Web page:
*Random sampling* is a procedure used by researchers in which all samples of a particular size have an equal chance to be chosen for an observation, experiment, etc (Runyon and Haber, 1976). There is no predetermination as to which members are chosen for the sample. This type of sampling is done in order to minimize scientific biases and offers the greatest likelihood that a sample will indeed be representative of the larger population. The aim here is to make the sample as representative of the population as possible. Note that the closer a sample distribution approximates the population distribution, the more generalizable the results of the sample study are to the population. Notions of probability apply here. Random sampling provides the greatest probability that the distribution of scores in a sample will closely approximate the distribution of scores in the overall population.

*Matching* is a method used by researchers to gain accurate and precise results of a study so that they may be applicable to a larger population. After a population has been examined and a sample has been chosen, a researcher must then consider variables, or extrinsic factors, that might affect the study. Matching methods apply when researchers are aware of extrinsic variables before conducting a study. Two methods used to match groups are:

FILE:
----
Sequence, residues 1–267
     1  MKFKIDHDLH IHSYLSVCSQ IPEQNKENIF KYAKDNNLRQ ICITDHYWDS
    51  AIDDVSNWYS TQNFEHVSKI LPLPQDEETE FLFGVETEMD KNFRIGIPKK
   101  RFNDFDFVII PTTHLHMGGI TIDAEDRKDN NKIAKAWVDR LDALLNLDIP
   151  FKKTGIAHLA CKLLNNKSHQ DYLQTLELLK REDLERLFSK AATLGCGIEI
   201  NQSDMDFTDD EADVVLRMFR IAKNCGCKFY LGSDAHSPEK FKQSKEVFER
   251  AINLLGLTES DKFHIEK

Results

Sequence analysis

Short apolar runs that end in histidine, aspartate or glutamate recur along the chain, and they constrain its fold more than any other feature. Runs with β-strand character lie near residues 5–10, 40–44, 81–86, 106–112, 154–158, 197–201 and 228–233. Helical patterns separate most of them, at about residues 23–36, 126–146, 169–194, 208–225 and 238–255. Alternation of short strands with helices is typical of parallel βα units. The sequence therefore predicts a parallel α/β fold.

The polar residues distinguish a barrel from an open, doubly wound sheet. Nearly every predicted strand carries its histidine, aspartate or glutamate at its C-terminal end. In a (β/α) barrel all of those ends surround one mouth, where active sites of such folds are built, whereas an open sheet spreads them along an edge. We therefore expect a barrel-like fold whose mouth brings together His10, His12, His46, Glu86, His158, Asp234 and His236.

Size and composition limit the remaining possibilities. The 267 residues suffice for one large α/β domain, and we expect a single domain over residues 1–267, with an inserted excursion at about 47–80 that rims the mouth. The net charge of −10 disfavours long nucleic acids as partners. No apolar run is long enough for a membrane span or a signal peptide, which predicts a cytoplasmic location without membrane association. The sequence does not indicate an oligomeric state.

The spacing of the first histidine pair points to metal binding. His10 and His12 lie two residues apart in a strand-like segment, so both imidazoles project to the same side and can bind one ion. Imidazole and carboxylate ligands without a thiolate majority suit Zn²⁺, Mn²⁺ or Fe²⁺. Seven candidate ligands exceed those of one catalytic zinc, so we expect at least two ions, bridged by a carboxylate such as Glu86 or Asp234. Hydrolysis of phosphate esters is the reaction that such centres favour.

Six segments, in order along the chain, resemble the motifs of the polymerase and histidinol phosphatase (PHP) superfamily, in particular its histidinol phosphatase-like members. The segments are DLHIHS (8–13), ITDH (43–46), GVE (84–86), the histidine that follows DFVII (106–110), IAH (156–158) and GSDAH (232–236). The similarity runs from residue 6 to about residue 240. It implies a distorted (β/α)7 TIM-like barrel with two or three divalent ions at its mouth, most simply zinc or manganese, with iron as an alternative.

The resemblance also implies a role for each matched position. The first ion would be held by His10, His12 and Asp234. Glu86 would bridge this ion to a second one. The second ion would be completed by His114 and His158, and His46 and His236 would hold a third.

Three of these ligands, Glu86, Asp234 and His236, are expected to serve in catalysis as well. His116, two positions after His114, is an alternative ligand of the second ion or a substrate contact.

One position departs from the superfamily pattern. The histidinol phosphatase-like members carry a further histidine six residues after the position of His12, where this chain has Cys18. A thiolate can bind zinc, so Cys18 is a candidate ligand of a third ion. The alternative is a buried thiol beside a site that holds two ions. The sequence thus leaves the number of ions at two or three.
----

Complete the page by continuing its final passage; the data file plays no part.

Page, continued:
In *precision matching*, there is an experimental group that is matched with a control group. Both groups, in essence, have the same characteristics. Thus, the proposed causal relationship/model being examined allows for the probabilistic assumption that the result is generalizable.

*Frequency distribution* is more manageable and efficient than precision matching. Instead of one-to-one matching that must be administered in precision matching, frequency distribution allows the comparison of an experimental and control group through relevant variables. If three Communications majors and four English majors are chosen for the control group, then an equal proportion of three Communications major and four English majors should be allotted to the experiment group. Of course, beyond their majors, the characteristics of the matched sets of participants may in fact be vastly different.